THIS study of 3,511 people's genomes was published on the prestigious Nature.com last month but remains largely unreported by the media. The abstract reports, "Our results unequivocally confirm that a substantial proportion of individual differences in human intelligence is due to genetic variation."
This has to be a blow to educators and social policymakers, who, for a half century now, have been betting billions of tax and charity dollars that the achievement gap could be significantly reduced or eliminated by redistributing resources to improve the environments of low-achieving children and adults by more spending on education, job training programs, self-esteem programs, etc. But just as in a long-distance car race, tuning-up a VW Bug that's running miles behind a Porsche doesn't make it likely to catch up, it appears ever less likely that tuning-up low achievers' environment will close the achievement gap to the extent we all hope it will.
The good news is that the Nature study would seem to point to a new direction and new hope for reducing that achievement gap. In light of that study, the next steps would seem to be to discover the specific genes responsible for intelligence (something China is already doing) to develop a safe and ethical way to replace defective genes and then making available, on a purely voluntary basis, the option to have that gene therapy so prospective parents could help ensure that their kids don't start life with a genetic strike or two against them.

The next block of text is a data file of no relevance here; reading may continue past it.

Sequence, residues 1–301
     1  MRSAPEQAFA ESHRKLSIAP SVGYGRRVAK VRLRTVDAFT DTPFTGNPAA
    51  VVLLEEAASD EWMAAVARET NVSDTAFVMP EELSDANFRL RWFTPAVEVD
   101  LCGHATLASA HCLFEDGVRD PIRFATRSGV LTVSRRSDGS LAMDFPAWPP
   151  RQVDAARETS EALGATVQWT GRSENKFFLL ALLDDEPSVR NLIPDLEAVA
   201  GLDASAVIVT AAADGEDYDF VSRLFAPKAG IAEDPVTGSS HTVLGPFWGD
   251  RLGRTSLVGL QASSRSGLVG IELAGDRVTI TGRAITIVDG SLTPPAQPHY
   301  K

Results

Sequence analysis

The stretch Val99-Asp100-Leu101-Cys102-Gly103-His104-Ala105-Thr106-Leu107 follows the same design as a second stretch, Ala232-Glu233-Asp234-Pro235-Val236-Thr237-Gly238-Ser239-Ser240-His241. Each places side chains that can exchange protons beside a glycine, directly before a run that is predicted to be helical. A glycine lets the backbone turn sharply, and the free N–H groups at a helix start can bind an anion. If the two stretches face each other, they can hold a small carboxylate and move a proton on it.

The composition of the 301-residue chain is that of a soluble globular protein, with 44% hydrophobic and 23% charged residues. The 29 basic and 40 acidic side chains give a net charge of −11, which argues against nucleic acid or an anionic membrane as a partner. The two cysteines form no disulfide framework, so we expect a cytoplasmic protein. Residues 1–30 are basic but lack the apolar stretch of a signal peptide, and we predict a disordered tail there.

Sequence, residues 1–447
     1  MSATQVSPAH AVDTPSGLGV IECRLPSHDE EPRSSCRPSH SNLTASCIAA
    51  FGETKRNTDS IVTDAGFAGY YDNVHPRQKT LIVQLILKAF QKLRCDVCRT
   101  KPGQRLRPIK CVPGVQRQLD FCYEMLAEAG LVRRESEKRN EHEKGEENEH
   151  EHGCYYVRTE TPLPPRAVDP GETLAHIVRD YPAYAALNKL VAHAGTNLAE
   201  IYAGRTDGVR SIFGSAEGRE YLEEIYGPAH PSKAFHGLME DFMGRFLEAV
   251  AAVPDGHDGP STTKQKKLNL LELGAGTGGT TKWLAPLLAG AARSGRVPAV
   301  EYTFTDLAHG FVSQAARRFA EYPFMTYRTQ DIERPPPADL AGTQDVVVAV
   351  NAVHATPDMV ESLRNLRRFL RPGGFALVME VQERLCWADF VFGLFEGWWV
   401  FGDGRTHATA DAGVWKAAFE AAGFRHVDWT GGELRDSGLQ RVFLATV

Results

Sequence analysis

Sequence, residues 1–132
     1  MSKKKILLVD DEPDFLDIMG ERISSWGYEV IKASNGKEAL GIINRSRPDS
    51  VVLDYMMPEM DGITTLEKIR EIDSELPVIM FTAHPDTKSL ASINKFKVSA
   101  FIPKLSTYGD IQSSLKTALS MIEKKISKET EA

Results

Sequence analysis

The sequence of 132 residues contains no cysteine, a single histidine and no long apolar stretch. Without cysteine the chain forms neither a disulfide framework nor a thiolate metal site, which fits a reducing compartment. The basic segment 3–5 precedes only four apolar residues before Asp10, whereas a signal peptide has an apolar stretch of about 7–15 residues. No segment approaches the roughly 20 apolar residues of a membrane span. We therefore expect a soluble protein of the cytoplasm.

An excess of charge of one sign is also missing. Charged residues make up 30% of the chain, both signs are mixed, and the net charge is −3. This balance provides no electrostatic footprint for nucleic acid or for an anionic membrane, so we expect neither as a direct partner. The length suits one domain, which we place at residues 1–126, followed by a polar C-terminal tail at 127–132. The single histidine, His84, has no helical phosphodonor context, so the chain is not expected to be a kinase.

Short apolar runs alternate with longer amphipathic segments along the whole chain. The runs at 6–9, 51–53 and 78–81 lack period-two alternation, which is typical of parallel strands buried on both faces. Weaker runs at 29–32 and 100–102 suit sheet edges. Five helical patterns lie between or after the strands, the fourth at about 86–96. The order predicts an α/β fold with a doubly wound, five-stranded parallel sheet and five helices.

Genome-wide association studies establish that human intelligence is highly heritable and polygenic
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General intelligence is an important human quantitative trait that accounts for much of the variation in diverse cognitive abilities. Individual differences in intelligence are strongly associated with many important life outcomes, including educational and occupational attainments, income, health and lifespan. Data from twin and family studies are consistent with a high heritability of intelligence, but this inference has been controversial. We conducted a genome-wide analysis of 3511 unrelated adults with data on 549 692 single nucleotide polymorphisms (SNPs) and detailed phenotypes on cognitive traits. We estimate that 40% of the variation in crystallized-type intelligence and 51% of the variation in fluid-type intelligence between individuals is accounted for by linkage disequilibrium between genotyped common SNP markers and unknown causal variants. These estimates provide lower bounds for the narrow-sense heritability of the traits. We partitioned genetic variation on individual chromosomes and found that, on average, longer chromosomes explain more variation. Finally, using just SNP data we predicted ~1% of the variance of crystallized and fluid cognitive phenotypes in an independent sample (P=0.009 and 0.028, respectively). Our results unequivocally confirm that a substantial proportion of individual differences in human intelligence is due to genetic variation, and are consistent with many genes of small effects underlying the additive genetic influences on intelligence.